“You’re right.” I chuckled but not at his gesture at his accuracy of the situation. I had to explain myself before he took it the wrong way.  

“I thought this whole time you were talking about Angie.” 

“Angie. The fuck…no. She’s cute but her personality is trash.” 

“Touche’.” I hadn’t even gotten that far in my analysis to breakdown her character.  

“I don’t need you to say it back though.” 

Shit, I didn’t say it back, but why not? I do love him. But I wonder if it’s the same way.  

“I mean I do too but are you talking about on the friend front or the more than friend side.” 

“Were you listening to me at all?” His aggression sort of pissed me off. I’m just trying to get some clarity. “I love you like wanting to be in a relationship with you. Like wanting to be near you, or even better, to kiss those lips.” I couldn’t be mad anymore.  

“But when…and how Cade?” I could probably figure it out but I needed to hear more before I put my heart out there.  

To be continued tomorrow…

#12DaysofaShortStory Challenge – Day 5

Photo by Aaron Wilson on Unsplash

I’ve hit Day 5 of my challenge! FYI, today’s post has explicit language. I’ll rate this one PG-13. Wait…if you missed Day 4, go catch up here.

The Season for Living: Part V

DeDe use to run track in high school and apparently at 26 she still has it. I could tell she was at a job when she started explaining herself.

“This bitch was all up on my man at the Winter Eve Ball so I had to slap the fuck out of her. No let me correct that—I had to slap her for wanting to fuck.” DeDe was breathing normal again. I guess she made it to a safe place.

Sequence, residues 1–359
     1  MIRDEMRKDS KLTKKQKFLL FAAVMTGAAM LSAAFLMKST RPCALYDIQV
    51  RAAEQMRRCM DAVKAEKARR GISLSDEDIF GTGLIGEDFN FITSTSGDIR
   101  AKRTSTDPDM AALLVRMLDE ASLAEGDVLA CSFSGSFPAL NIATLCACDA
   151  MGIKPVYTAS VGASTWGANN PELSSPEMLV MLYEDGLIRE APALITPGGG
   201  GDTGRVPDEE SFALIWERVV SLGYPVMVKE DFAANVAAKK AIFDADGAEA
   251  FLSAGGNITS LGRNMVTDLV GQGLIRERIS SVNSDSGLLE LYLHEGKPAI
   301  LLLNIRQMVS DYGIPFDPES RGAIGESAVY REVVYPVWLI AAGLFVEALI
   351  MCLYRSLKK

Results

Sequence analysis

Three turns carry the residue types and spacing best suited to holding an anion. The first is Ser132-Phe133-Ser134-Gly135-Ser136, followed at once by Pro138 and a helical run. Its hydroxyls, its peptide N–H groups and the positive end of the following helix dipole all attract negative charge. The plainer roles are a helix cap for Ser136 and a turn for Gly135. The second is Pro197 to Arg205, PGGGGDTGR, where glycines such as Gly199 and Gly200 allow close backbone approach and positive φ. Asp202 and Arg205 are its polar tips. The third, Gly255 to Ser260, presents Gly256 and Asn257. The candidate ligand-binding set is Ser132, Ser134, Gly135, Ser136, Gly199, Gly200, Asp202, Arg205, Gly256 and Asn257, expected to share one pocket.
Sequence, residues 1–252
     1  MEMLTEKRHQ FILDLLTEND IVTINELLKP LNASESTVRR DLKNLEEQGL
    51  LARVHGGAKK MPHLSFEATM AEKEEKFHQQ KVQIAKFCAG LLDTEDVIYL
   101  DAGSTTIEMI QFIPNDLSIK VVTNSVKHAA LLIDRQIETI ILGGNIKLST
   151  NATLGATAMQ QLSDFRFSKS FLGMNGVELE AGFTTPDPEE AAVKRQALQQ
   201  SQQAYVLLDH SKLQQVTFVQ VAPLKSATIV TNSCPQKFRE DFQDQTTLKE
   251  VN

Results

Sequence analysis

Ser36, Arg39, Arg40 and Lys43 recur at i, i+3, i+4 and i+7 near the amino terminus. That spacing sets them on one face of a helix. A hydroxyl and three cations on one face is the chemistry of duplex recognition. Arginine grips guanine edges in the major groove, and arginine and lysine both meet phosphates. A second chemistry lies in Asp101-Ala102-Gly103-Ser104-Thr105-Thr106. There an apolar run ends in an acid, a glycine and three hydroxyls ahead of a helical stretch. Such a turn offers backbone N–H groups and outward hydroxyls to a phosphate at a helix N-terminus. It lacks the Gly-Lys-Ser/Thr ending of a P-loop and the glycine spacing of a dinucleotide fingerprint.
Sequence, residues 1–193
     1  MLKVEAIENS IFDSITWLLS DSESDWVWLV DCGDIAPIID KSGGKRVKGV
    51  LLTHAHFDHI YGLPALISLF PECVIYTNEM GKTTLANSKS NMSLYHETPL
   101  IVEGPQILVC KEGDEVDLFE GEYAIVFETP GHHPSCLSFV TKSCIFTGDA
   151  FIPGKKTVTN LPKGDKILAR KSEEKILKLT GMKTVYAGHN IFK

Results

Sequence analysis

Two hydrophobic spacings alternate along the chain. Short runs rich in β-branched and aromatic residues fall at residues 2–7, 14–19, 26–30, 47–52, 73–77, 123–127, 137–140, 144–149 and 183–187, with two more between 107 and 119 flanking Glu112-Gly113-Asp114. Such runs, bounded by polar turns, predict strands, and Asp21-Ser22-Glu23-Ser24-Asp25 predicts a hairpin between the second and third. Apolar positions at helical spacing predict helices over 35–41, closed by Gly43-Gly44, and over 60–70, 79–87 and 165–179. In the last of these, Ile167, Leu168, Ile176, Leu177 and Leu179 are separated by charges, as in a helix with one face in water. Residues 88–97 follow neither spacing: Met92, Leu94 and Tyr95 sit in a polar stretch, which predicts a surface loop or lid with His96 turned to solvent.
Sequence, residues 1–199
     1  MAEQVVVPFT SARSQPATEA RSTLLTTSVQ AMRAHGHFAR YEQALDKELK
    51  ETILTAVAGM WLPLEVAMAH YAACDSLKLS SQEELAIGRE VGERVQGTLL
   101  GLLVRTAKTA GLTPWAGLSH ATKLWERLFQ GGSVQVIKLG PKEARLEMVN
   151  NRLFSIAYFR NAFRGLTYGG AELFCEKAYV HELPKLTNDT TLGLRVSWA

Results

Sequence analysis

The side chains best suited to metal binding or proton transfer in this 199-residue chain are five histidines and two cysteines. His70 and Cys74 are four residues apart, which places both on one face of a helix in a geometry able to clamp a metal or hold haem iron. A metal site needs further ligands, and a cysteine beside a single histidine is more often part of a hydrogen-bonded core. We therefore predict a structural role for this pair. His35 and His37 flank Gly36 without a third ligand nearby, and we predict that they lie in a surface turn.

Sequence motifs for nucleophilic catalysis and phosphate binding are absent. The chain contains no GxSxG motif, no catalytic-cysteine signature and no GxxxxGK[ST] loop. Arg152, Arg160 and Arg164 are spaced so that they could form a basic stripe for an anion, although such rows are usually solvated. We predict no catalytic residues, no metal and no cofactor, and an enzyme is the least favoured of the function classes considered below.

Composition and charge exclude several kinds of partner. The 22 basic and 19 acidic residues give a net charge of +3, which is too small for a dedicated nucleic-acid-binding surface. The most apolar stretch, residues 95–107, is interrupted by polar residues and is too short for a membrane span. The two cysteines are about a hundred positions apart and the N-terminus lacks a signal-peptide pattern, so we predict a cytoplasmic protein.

DeDe was one of those friends I couldn’t let go no matter how much of the hood she brings to an event. She’s real, she’s loud and she’s got my back. And I have hers but not in the fight. I don’t fight. I’ll have the bail money and lawyer ready though. 

“I told you to stop giving that girl all that energy.” Margo was a constant topic in our conversations. She was the side chick that enjoyed being a side chick even if her duties weren’t needed any more.  

“I know, I know girl. But I’m so tired of her. She just won’t go away.” DeDe’s right. For some reason—probably the same reason as DeDe—Margo just won’t let Sean go. I would never tell DeDe this since thots and side chicks aren’t supposed to have real feelings but they both love him.  DeDe just won his heart in the end. 

And there it is. Another scary moment in love. You can’t stop who you love and you can stop others from loving who you love too.  

“Look DeDe, y’all have come a long way and you’re going to have to move forward. Stop looking back or you will miss what’s in front of you.” Her silence meant that she was absorbing my words. She’s a great listener but it’s usually always after the fact.  

My line begins to beep. Shit, it’s Cade. I didn’t notice that he hung up but I had to finish our conversation. 

“Hey, are you good now?” 

“Yeah…I’m good.” The calm was over her. “I’m about to call an Uber to get me home. I don’t even know where I’m right now.” 

“Okay but call or text me when you get home. Are you coming over for dinner tomorrow?” 

“You know I’m there. Boobs, Bourbon and blunt in hand.” 

“See you tomorrow babe.”  

DeDe is a really beautiful person. She loves so hard and she forgives to keep that love going. She’s dedicated to her heart and lives for each loving moment. Each kiss, each touch, each possibility that he was her forever love. I admire her so much that I envy her. She’s a true romantic at heart. Maybe I should follow my own advice: stop looking back. I’ve got to stop trying to avoid past mistakes by not even trying again at love. Maybe I was like Cade. Maybe the man of my dreams was right under my nose.  

My line clicked again. Damn I forgot to click over.  


To be continued tomorrow…